Illustration by Ren Rader
You open your eyes as slowly as you can in the morning and stare at the wall across from your bed. You’ve been sleeping a lot more than usual lately, but no matter how much sleep you get, you still feel mentally, physically and emotionally exhausted all the time.
Each day seems exactly the same as the one before, and when you look back at the weeks that have passed, it all feels like a gray blur. Moving — or doing anything, really — feels like it takes immense effort. Things that used to interest you don’t seem to bring you the same amount of joy as they used to, and you find yourself bailing on plans with friends to stay home and lie in bed.
If this sounds at all familiar, keep reading. Depression is one of those funny things where you know what it is and you know that it’s fairly common (it’s estimated to be the leading cause of ill health and disability worldwide), but it still doesn’t feel like something that can happen to you. “I’m just having a bad day,” you’ll say, or ”I’m just sad right now because I got a bad grade on my test.” But when the sadness begins to stick around a little too long and starts interfering with aspects of your daily life, that’s when you know it may be time to seek help.
College students are highly susceptible to depression, and one of the most common forms it takes is seasonal affective disorder. This occurs when the body’s circadian rhythms (essentially, the brain’s normal sleep schedule) are negatively affected by the shorter days and longer nights that come in the fall and winter months. The body overproduces melatonin, the hormone that causes sleepiness, because there are not enough hours of strong sunlight during the day to counter its production, leading to a persistent feeling of fatigue and sleepiness. The fact that the fall and winter months are some of the hardest academically of the school year exacerbates this, with students spending hours at a time in the library studying for midterms or writing papers. The combination of stress and the reduced hours of sunlight creates the perfect storm, so to speak, for seasonal affective disorder or seasonal depression.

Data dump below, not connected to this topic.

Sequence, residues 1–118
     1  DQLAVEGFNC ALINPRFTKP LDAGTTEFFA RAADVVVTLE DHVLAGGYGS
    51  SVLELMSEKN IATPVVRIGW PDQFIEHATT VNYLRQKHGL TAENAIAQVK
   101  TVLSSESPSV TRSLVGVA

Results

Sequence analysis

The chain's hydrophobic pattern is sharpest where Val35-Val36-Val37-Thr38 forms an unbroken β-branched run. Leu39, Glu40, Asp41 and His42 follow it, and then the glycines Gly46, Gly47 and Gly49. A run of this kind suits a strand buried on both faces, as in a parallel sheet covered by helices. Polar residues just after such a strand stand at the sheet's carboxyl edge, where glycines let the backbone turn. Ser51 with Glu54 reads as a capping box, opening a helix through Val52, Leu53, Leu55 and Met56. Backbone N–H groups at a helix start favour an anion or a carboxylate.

Seasonal depression can present itself differently in different people, making it hard sometimes to spot among friends and even harder to spot in yourself. Some of the most common symptoms include increased feelings of stress and anxiety, lowered mood or increased sadness, irritability and an increased need for sleep. However, while these symptoms may seem obvious, others can simply seem like normal college experiences, such as increased cravings for junk food (especially carbohydrates!), impaired school performance (depression can cause focus and memory issues) and even getting sick a lot. Depression isn’t just mental. A depressed or lowered mood can depress the immune system as well, and lack of vitamin D from reduced levels of sunlight can contribute to an impaired immune system. This can potentially lead to lots of viral infections, such as colds, the flu, bronchitis or pneumonia.
Conversely, since viruses are more easily spread during colder winter months when humidity is lower, recurring health problems can also factor into seasonal depression. I remember being largely mentally and emotionally impacted by how often I got sick during the winters of my freshman and sophomore years, as being ill made trivial things like going to class and doing homework feel like monumental tasks. I was frustrated with both my body and my mind for not doing what I needed them to, and instead of letting myself rest and recover, I continued to try to “do it all” at the detriment of my grades and mental health.
Seasonal affective disorder doesn’t have to be a big, scary concept. It can happen to anyone, and it’s important to check up regularly not only on your friends but yourself as well. Don’t wait until you feel as if you are “bad enough” to get help; Trinity offers free counseling, and there is absolutely no shame in needing a little help to be the happiest and the most successful you can be.